Property is like any form of investment, where the greater the risk you take the more potential you have to make greater profit. Ultimately how much risk you take my depend on where the money you invest has come from, and to what degree of trouble you would be in if you were to lose it!
What time scale are you working on?
The time scale you are working on will affect the level of risk you may need to take to see a positive return. Where there are many safe investments that will make a nice return over a period of 5 to 10 years, there are very few that are risk free for a period shorter than 12 months. It is my opinion that property investment should be seen as a long term strategy for profit.
One way to reduce the risk involved in an investment is to spread that risk across several different projects. If you are lacking in capital, then one way to spread risk would be to invest with a partner, family or friends. Putting all your eggs in one basket is not the best strategy for every beginner. Raising the capital required to invest in property will be a key factor.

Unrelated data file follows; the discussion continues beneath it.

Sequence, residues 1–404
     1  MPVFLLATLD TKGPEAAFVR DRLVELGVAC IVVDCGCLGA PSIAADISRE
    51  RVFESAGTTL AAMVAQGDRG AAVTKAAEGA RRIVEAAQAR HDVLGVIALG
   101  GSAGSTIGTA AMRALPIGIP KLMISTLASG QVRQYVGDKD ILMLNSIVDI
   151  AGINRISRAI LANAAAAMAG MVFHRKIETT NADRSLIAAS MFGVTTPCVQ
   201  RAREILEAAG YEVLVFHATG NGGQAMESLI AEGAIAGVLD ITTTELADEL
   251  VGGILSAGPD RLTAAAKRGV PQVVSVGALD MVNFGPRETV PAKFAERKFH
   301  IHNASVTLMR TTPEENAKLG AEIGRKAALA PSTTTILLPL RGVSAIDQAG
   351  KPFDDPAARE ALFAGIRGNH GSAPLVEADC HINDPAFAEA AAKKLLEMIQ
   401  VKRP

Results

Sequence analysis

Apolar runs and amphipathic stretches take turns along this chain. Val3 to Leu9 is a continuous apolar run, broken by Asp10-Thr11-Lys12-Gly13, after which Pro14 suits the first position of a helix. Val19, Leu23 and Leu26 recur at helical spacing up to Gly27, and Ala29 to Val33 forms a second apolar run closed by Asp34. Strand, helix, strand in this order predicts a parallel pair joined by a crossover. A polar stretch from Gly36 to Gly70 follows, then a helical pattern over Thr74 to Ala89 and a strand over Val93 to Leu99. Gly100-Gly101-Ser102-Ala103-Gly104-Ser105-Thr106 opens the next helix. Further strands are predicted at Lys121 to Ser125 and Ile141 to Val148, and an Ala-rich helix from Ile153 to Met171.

Capital is the money that you have to invest. Capital may come in the form of equity you have in other investments, or the property you live in. The amount of capital you have will turn into the deposit you have to place down on your new investment property after expenses.
Market cycles – How to avoid greater risk
The property market works in cycles, both locally, and as a whole. In times of recession people have less money to spend, more people need to sell their homes, and as a result properties sell for less. If you are a cashed up buyer with capital this is an ideal time to invest in property, and there are plenty of bargains to be found. However, it is also much harder to borrow cash during a time of recession, with banks feeling to pinch of lower interest rates, borrowers are often expected to find a much higher deposit.